Effie Gray by Suzanne Fagence Cooper
|Effie Gray by Suzanne Fagence Cooper|
|Reviewer: Luke Marlowe|
|Summary: Using the letters and diaries of Effie Gray, her husband John Ruskin, and second husband John Everett Millais, Suzanne Fagence Cooper has crafted a fascinating look at a woman who was truly ahead of her time, leaving her husband for love and becoming a shocking and inspiring figure in Victorian society. Involving and wonderfully vivid.|
|Buy? Yes||Borrow? Yes|
|Pages: 296||Date: September 2014|
|Publisher: Duckworth Overlook|
|External links: Author's website|
Effie Gray was born in Perth in 1828, and knew art critic John Ruskin from an early age. When he finally decided to ask her to be his wife, she called off an engagement and happily accepted.
The marriage was a troubled one. Unconsummated, unhappy, and driven by the whims of Ruskin, things soon started to fall apart, with Effie's health suffering as a consequence. When handsome young artist John Everett Millais was taken on as a protégé by Ruskin, Effie fell madly in love, resulting in an annulment that would set her apart from large parts of Victorian society, but also make her a truly modern and remarkable woman.
I can't deny that upon picking up this book, I knew little of Effie Gray. An admirer of the Pre-Raphaelites, I had always been distracted by the rather flashier and overly dramatic lives of Rossetti and his tragic muse Lizzie Siddall. The use of letters and diaries belonging to Ruskin and Effie make this a far more intimate tale, and one that is all the more touching for it.
Previous accounts I have read regarding Ruskin and Effie tend to make Ruskin out to be a villain of sorts, a man who wasn't able to perform sexually and who punished his wife for that. This account is a lot fairer, giving light to the fact that Ruskin, whilst driven by his artistic passions, was never a cruel or callous husband, merely insensitive and oblivious to the needs and emotions of his wife.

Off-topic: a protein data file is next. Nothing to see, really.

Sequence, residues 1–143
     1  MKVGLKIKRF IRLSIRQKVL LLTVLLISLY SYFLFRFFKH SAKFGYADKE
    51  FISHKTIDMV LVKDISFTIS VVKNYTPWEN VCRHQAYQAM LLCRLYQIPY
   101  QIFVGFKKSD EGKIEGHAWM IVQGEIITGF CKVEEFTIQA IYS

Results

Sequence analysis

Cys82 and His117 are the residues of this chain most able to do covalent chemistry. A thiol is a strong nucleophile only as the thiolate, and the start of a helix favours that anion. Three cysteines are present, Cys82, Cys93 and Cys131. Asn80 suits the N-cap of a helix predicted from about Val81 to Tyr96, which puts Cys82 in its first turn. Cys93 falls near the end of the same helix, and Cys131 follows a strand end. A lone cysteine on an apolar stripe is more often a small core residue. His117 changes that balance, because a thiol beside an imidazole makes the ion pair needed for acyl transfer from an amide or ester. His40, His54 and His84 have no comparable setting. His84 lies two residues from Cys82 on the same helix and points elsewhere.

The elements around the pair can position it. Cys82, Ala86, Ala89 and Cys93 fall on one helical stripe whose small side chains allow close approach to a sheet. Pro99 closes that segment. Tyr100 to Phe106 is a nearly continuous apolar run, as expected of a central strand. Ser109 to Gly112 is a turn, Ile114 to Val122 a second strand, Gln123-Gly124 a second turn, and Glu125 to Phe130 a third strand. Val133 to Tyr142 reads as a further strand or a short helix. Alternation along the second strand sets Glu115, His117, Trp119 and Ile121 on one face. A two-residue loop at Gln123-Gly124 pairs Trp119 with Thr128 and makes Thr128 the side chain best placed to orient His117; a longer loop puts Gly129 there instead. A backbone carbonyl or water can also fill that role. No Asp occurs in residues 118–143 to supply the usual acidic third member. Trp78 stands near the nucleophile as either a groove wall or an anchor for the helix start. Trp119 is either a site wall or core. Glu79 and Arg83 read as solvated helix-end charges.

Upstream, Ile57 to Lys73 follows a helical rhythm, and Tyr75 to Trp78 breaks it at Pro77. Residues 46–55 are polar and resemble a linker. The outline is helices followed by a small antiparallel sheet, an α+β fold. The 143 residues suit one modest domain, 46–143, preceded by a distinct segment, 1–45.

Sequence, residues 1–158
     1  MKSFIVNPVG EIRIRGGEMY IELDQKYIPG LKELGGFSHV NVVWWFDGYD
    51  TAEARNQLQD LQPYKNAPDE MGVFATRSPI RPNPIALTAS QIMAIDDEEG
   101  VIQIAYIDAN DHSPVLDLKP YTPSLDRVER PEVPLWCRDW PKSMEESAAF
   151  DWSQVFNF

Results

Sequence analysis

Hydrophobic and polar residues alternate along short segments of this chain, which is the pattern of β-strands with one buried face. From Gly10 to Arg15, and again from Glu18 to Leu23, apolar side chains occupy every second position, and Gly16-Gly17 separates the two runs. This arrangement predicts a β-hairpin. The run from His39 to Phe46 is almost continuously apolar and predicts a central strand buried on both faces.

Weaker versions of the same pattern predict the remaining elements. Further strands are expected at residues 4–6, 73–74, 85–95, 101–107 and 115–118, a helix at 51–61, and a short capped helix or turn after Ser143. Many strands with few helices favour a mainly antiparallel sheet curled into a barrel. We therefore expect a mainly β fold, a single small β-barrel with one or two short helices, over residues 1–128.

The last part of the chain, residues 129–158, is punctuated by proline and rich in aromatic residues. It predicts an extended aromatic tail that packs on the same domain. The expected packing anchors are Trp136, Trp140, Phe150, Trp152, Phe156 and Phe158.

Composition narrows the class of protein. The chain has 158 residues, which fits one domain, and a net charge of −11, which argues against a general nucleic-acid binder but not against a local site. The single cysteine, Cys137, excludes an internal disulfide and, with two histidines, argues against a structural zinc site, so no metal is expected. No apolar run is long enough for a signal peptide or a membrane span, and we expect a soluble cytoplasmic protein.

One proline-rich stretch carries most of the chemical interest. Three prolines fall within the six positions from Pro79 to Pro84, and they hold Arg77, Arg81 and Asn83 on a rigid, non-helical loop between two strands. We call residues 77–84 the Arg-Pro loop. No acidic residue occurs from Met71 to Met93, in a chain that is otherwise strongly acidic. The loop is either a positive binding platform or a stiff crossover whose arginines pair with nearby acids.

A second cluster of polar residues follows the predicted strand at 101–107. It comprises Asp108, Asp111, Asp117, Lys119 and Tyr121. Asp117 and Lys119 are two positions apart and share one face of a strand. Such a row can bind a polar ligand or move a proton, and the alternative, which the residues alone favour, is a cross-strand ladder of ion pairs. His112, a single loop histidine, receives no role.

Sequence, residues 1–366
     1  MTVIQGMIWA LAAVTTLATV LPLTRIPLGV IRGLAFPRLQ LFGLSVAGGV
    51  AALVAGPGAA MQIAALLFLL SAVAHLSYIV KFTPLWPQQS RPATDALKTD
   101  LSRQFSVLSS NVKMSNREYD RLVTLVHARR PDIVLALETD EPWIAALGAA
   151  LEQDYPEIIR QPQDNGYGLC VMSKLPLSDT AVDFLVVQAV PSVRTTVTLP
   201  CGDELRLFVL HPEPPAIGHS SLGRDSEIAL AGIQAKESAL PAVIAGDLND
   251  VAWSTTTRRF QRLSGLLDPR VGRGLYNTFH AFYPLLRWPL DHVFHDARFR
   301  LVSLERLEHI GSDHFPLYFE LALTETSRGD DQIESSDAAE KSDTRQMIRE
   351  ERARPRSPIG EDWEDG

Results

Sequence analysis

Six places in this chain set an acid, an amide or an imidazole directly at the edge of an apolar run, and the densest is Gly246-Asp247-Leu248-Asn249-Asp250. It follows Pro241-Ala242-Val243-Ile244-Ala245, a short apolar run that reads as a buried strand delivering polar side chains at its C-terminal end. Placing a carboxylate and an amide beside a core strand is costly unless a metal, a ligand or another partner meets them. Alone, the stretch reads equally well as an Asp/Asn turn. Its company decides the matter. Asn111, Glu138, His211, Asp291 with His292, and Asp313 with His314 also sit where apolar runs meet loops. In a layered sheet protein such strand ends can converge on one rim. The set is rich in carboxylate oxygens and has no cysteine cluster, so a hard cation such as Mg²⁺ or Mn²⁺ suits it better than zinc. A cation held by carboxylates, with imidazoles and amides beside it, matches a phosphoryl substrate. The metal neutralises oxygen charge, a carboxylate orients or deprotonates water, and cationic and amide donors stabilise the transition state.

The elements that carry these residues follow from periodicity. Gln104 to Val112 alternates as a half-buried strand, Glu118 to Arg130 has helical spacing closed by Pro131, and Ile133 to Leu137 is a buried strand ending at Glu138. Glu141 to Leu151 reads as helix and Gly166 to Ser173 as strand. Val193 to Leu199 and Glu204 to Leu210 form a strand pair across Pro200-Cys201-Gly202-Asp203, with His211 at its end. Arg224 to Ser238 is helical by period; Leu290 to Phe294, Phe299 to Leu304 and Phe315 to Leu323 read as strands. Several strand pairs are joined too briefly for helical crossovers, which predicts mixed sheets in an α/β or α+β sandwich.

Effie is obviously the star of this book, and comes across as a rather capable young woman constrained by the social boundaries of the time. Seeing her health decline through time is rather sad, and I feel it's a shame she isn't better known, for her actions were truly brave, and completely ahead of her time.
The legal area surrounding the annulment is particularly fascinating - I was not aware of how much women were regarded as property in the Victorian era, and it makes Effie's actions even braver. She truly was a remarkable woman. One character who also stood out, and who I would love to read more about, was Sophy Gray - younger sister of Effie. Hauntingly beautiful, her tragic life lies in stark contrast to that of her spirited sister.
Cooper is not only a fine historian, but a wonderful writer, producing a book that she has clearly invested a huge amount of time and love into. Expertly researched, she lets the characters' voices speak loudly for themselves, and this Victorian love story feels truly contemporary. The book itself ties into the release of a motion picture based around the life of Effie Gray, which is due to be released this October. I'll certainly be giving it a watch, and would recommend this book to anyone going to see it.
Many thanks to Duckworth Overlook for the copy
For those intrigued by the Pre-Raphaelites, Into The Frame: The Four Loves of Ford Madox Brown by Angela Thirlwell is well worth a read, and a fascinating portrait of Ford Madox Brown and his traumatic love life.
For those wanting another Victorian woman who was miles ahead of her time, As Good as God, as Clever as the Devil: The Impossible Life of Mary Benson by Rodney Bolt is a funny, warm, and surprising read.
You can read more book reviews or buy Effie Gray by Suzanne Fagence Cooper at Amazon.co.uk
You can read more book reviews or buy Effie Gray by Suzanne Fagence Cooper at Amazon.com.
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